Just a few miles away from the Monmouthshire & Brecon Canal, Blaenavon is a town with a rich industrial history and culture, and breath-taking scenery.

It was a cradle of the Industrial Revolution, famed for its ironmaking and coal production.

The town’s historic attractions and landscape earned it World Heritage Site status from UNESCO, putting it alongside attractions such as the Taj Mahal, Stonehenge, and the Great Barrier Reef.

It’s well worth a visit during your narrowboat holiday.

Here are just six reasons why:

  1. Big Pit

Walk in the footsteps of generations of miners at the National Coal Museum, Big Pit.

The site was a working coal mine for 100 years, between 1880 and 1980.

Once, South Wales was littered with pithead wheels serving working deep mines and winching the miners down to the coalface in a cage.

During the height of production, its coal was shipped to South America and in 1923, it employed 1,399 men. By the time of its closure as a working pit, the workforce was just over 250.

Now, Big Pit’s iconic structure is one of a handful of pit wheels left standing across the UK.

It opened as a mining museum in 1983 and in 1995, several of the buildings were given Grade II listed status.

In 2005, it won the £100,000 Gulbenkian Prize for the UK museum or gallery with a track record of excellence, imagination, and innovation.

Big Pit now attracts more than 140,000 visitors every year.

You can take an evocative journey 300 feet underground guided by former miners who can describe the conditions in which they and their forefathers worked.

There are also interactive displays and exhibitions.

Entry is free and Big Pit is suitable for people of all ages.

Find out more about the Big Pit Museum

 

  1. Blaenavon Ironworks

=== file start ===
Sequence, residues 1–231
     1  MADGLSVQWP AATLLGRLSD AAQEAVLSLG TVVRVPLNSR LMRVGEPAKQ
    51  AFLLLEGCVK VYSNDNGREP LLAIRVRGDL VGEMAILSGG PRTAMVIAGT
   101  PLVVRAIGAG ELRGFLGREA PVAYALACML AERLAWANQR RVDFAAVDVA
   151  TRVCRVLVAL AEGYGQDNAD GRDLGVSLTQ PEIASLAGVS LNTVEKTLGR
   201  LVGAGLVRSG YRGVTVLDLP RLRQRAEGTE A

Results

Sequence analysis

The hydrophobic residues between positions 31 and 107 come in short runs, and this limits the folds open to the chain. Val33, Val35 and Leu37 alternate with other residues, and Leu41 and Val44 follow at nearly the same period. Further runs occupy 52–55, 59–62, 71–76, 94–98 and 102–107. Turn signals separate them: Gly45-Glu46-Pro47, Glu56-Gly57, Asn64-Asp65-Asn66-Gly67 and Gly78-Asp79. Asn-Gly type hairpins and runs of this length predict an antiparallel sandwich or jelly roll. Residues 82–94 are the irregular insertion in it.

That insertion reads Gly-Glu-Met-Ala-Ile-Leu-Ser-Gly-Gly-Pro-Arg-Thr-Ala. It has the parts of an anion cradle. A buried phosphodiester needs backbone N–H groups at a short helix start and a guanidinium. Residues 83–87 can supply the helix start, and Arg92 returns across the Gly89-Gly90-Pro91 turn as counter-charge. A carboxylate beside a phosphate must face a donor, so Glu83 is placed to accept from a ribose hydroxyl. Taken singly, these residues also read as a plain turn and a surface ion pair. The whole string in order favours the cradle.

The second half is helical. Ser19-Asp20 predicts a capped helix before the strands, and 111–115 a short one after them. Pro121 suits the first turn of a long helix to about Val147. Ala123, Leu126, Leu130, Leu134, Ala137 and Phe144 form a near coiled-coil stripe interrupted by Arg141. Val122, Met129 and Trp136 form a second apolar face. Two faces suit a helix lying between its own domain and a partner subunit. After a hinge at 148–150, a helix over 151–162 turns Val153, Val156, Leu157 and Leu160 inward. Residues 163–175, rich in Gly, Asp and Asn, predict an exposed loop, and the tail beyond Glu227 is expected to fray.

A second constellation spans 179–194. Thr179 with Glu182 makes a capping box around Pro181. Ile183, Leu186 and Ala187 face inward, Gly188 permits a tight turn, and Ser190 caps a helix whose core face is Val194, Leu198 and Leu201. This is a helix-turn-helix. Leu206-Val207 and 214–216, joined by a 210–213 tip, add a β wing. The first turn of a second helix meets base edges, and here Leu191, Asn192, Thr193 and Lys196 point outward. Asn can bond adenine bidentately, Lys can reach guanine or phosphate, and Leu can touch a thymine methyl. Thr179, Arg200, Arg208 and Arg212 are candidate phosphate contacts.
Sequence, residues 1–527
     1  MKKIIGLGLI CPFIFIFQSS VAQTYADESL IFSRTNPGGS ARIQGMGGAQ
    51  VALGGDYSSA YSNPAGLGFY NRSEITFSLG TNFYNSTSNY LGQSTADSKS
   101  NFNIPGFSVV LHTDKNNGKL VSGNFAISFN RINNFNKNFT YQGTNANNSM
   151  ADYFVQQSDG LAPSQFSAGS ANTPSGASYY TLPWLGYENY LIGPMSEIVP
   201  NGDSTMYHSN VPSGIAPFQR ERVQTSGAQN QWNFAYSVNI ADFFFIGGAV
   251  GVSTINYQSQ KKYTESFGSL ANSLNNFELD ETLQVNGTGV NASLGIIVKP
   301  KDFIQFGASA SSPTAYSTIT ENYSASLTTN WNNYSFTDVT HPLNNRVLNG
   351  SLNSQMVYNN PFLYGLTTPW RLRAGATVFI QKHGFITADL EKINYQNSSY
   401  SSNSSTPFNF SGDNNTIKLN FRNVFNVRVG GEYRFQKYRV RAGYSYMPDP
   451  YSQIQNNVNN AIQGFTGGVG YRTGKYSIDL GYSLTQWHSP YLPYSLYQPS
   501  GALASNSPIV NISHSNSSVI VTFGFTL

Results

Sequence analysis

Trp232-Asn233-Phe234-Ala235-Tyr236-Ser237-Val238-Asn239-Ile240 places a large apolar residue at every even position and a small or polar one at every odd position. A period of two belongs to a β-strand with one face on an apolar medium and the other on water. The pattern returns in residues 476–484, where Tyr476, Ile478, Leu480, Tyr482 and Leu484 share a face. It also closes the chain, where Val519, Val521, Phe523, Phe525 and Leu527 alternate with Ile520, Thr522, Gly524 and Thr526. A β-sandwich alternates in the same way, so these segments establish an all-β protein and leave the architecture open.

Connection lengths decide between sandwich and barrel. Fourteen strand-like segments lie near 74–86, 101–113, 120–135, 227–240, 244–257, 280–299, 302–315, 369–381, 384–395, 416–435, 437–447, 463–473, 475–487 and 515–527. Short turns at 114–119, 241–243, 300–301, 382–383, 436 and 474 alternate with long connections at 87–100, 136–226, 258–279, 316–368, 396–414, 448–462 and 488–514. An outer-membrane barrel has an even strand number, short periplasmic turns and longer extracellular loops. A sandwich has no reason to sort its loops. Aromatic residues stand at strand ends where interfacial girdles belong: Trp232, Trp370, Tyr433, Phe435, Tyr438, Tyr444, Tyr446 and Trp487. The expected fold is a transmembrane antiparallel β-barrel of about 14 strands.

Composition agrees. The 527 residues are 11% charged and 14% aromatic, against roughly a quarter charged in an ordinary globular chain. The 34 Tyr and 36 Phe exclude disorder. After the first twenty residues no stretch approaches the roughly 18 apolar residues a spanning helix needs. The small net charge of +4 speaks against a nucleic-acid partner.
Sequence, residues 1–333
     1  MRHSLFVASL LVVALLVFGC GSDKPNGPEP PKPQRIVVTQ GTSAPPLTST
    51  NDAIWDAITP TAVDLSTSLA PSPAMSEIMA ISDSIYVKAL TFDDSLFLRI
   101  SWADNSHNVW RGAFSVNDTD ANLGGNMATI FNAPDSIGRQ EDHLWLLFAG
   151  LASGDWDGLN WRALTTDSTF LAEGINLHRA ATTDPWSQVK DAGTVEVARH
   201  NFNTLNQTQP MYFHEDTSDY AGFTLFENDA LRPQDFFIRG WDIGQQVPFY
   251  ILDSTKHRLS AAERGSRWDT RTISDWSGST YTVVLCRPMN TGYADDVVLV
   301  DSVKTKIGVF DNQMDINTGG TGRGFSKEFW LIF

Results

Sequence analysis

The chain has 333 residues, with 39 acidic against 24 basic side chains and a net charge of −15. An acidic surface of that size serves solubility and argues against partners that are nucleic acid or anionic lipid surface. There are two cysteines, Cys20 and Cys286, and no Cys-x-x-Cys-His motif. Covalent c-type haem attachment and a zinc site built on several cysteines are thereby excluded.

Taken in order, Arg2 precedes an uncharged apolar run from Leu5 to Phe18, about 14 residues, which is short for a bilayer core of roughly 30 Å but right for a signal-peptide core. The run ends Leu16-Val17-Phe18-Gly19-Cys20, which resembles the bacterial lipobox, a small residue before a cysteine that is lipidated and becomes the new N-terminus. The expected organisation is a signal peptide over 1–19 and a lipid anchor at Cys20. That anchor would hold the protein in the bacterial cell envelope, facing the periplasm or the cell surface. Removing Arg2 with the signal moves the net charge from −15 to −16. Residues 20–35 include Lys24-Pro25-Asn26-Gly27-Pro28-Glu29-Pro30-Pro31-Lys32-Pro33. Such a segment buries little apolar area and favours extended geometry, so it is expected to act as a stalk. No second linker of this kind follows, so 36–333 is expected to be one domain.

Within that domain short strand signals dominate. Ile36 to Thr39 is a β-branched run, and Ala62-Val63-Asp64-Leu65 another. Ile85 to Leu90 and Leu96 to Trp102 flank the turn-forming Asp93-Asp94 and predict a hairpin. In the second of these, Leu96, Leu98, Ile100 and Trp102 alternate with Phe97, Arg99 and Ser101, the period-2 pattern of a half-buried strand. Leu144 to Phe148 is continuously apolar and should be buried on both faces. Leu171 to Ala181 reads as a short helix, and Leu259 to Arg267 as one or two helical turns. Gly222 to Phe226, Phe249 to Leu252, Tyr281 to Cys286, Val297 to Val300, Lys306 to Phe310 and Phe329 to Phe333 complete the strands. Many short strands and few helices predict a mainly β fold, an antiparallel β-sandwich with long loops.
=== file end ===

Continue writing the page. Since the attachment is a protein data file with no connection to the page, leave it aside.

Wander around the best-preserved 18th Century ironworks in the world.

The site has the best-preserved blast furnace complex of its type and era – one of the most important relics to have survived from the start of the Industrial Revolution.

Iron production began in 1789, and Blaenavon became one of the most important iron-producing towns in the world by the early 19th Century.

There’s also a fascinating glimpse into the lives of workers thanks to the reconstructed houses in Stack Square and Engine Row, and the reconstructed company shop.

Admission is free.

Find out more about Blaenavon Ironworks

 

  1. The Cordell Country Trail

Famed writer Alexander Cordell set his classic novel, Rape of the Fair Country in and around Blaenavon and lived for a significant part of his life in Abergavenny.

In 1985, a guide to walks featured in Rape of the Fair Country was published by the author Chris Barber and it became popular with visitors and local walkers.

This takes in Blaenavon, Abergavenny, and Brynmawr, and gives walkers delightful views and an insight into the area’s historic past.

Other Cordell trails in Merthyr, Aberdare, and Neath, followed.

Find out more about Alexander Cordell and the trail.

 

  1. The Pontypool & Blaenavon Railway

Take a trip on the highest preserved railway line in Wales.

The volunteer-run railway boasts steam engines, vintage carriages, and its line runs through impressive scenery.

It also stages steam galas, special ghost trains at Halloween, and Santa specials at Christmas.

Find out more about the The Pontypool & Blaenavon Railway.

 

  1. Local food & drink producers

Blaenavon has become home to some of the area’s best food producers.

If you’re a cheese aficionado, visit Blaenafon Cheddar’s shop. Its specialist, hand-made cheeses are sought after by restaurants, hotels, delicatessens, and chefs.

Pwll Mawr Cheddar is even matured 300 feet below ground in Big Pit. Find out more about Pwll Mawr Chedder.

Rhymney Brewery is famed for its real ales – and you can try them on a trip to its visitor centre in Blaenavon. You’ll also find out how your pint is brewed.

Find out more about Rhymney Brewery.

 

  1. The Blorenge

This distinctive mountain is a haven for walkers and paragliders.

Its heather-covered top has a variety of walks, some taking in the grave of the famous showjumping horse, Foxhunter.

At its summit, you’ll see the town of Abergavenny below to the east, the nearby Sugarloaf and Skirrid mountains, and Blaenavon to the west.

 

Why not combine sightseeing with the sheer relaxation of a break on board a narrowboat?

There is access to public transport to Blaenavon from the Monmouthshire & Brecon Canal and our base in Gilwern.

Call us on 01873 830240 to book your Road House narrowboat. Check our narrowboat holidays availability and prices.


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